But that’s not always the case.

In media platforms like TikTok where anyone can be seen by anyone, we can also catch a glimpse of Filipinos living in the US. One example is a TikTok video by Fil-Am songwriter Raquel Lily where she debunks people who tell her that the Filipino language is beautiful by purposely saying bulaklak (flower) and kilikili (armpit) in an aggressive way. Its intention was to provide humor, but for some, it was in bad taste. As a Filipino who speaks Tagalog every day, it came off as a mockery, and maybe this can be too serious, but it also felt like our language became a punching bag for the joke. And jokes are supposed to be funny, right? In a stitch by TikTok content creator Frankie Torres, she explains why the words sound that way, and in the end, concludes that the Filipino language, after all, is beautiful.

Last May, Fil-Am sportswriter Pablo Torre wore a sablay (the University of the Philippines’s academic costume) to the 2023 Gold Gala in Los Angeles, California. He was called out by many netizens on Twitter, saying that the sablay should only be worn in events academic in nature, and worn with a barong top.

The Gold Gala was not an academic function, and Torre wore the sablay with a tuxedo.

One user also pointed out that even though Torre’s intention to wear the sablay was to honor his cultural heritage, it would just be tokenistic if the “proper context” was not learned.

And that exactly happened on both occasions. It feels like an accessory, something that holds so much culture and pride, and only gets used when it’s beneficial to someone. Without getting to know the history of a language, or the significance of a sablay, it will merely feel like a symbol to the one who’s wearing it — a joke for humor content, or a pin that can be worn anytime.

This can be seen as just being proud of the little aspects of your Filipino identity when it’s convenient for you, and even though there’s still pride in it, the heaviness of history that these aspects carry should also be honored.


(Photo from Val Kilmer Donadillo/Pexels)

Everything is political.

Our political stances are also what make us Filipino because it is also through political means that our identities were erased by years of colonization. It is also through political means that we regained our independence as a nation that doesn’t fall as a colony to any land. It is through political means that we decide how free our people will be with the people we select as leaders.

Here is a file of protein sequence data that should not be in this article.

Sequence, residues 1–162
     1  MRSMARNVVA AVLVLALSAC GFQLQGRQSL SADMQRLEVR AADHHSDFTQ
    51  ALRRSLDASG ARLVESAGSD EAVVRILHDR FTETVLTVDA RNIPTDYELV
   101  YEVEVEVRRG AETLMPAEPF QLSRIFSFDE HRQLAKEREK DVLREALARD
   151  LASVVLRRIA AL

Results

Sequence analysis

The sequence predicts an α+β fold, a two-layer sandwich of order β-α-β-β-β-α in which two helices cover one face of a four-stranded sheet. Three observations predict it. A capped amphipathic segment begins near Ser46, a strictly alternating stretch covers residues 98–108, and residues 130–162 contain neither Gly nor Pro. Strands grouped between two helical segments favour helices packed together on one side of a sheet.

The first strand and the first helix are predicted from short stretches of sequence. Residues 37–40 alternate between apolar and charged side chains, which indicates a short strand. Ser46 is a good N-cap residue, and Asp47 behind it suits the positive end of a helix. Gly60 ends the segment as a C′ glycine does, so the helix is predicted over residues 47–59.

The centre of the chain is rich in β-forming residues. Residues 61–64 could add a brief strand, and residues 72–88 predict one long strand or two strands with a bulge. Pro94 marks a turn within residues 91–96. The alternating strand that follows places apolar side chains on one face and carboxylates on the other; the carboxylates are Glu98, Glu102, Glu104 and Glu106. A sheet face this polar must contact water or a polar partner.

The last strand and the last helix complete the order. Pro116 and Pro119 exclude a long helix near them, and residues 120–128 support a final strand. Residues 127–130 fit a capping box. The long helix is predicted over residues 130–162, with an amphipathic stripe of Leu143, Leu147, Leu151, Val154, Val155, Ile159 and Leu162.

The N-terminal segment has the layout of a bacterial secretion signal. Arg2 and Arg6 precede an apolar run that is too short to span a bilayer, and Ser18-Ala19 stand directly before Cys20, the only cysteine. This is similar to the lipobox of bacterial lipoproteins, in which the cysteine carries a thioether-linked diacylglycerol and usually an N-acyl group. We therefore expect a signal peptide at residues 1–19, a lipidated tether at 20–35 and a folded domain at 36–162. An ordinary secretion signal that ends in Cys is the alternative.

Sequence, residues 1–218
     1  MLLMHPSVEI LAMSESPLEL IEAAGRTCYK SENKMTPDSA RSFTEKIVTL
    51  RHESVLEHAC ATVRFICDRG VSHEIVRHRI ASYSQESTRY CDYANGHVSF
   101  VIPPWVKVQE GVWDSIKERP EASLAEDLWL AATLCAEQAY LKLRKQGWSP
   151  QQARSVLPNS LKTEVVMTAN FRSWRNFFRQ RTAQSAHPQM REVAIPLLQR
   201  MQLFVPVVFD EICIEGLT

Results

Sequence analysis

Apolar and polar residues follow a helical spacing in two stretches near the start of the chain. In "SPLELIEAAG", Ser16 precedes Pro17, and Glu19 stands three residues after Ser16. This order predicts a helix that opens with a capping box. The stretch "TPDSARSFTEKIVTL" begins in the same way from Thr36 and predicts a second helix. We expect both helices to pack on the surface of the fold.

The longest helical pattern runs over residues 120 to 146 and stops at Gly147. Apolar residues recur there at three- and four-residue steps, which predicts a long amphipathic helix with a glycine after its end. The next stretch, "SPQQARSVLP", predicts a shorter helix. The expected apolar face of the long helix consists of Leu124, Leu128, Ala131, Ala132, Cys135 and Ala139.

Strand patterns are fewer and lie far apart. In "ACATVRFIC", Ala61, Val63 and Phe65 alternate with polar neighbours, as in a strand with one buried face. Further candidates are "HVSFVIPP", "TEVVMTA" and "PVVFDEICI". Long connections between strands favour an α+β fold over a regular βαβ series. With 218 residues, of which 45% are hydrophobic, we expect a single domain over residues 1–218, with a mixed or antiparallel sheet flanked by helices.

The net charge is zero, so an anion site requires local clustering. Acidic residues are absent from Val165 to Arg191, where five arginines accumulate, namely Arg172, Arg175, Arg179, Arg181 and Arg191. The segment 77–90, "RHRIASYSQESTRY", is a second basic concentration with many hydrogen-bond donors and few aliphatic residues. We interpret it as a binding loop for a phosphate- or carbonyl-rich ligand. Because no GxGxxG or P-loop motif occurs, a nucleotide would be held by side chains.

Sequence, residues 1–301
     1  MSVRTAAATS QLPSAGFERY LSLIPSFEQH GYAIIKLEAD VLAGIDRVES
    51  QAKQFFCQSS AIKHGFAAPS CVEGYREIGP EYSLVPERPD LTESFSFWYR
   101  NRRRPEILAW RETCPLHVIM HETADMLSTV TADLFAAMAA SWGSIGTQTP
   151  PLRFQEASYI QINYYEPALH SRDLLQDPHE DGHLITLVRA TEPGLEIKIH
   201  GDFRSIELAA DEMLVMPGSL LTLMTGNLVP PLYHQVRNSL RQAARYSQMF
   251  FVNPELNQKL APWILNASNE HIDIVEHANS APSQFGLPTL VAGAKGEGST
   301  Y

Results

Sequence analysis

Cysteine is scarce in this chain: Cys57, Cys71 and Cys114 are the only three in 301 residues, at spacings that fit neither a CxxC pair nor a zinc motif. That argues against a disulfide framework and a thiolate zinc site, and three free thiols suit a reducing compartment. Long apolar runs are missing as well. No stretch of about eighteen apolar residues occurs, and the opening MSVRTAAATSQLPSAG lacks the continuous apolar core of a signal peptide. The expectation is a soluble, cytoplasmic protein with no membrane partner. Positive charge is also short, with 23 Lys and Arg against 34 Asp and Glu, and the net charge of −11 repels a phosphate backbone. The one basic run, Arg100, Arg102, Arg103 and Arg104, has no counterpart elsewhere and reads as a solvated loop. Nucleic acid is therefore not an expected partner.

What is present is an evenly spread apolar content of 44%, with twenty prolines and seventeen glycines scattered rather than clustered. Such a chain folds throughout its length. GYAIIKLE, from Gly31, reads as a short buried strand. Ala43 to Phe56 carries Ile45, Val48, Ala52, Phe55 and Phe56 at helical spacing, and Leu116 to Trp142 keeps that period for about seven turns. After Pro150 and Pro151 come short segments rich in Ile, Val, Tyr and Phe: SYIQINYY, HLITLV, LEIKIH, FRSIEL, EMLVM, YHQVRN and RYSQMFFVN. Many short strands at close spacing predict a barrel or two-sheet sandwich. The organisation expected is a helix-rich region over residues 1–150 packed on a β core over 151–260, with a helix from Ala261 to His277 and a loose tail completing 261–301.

So when Fil-Am actress Vanessa Hudgens was named global tourism ambassador for the Philippines by President Bongbong Marcos last March, it raised a lot of eyebrows.

Some netizens pointed out that Filipino social media personality Bretman Rock and South Korean TV personality, and former 2NE1 member Sandara Park were better choices for the title. The reasoning stems from Hudgens only going to the Philippines for the first time that same month she was given the title. One of the reasons she visited the country was also for a travel documentary directed by Presidential Adviser on Creative Communications Paul Soriano.

Hudgens’ arrival and stay in the Philippines were already touched on by political factors — her being named the global ambassador by the president, and her documentary being directed by the presidential adviser on creative communications.

Both political figures have been working together even before Marcos took his oath as president. His godson, Soriano, directed his political ads in 2022, as well as his first State of the Nation Address. Soriano was then appointed by Marcos in October last year.

This causes a tainted perception of Hudgens’ upcoming project, and her association with political figures have been laid out for netizens to peruse. In the current political climate of the country where disinformation continues to thrive, especially in partisan groups, anything can be weaponized to deliver a particular message. So it is valid to ask if gestures like this have always been political, or will turn into something political in nature in the end.

It’s one thing to take pride in being a Filipino, and naming lumpia and adobo as your favorite Filipino food, but it’s another layer of connectedness when you immerse yourself in the country’s history, find beauty in the diversity of culture and people in the country, and partake in its socio-political discussions, wherever you may be.




The Premier Digital Media Organization of the University of Santo Tomas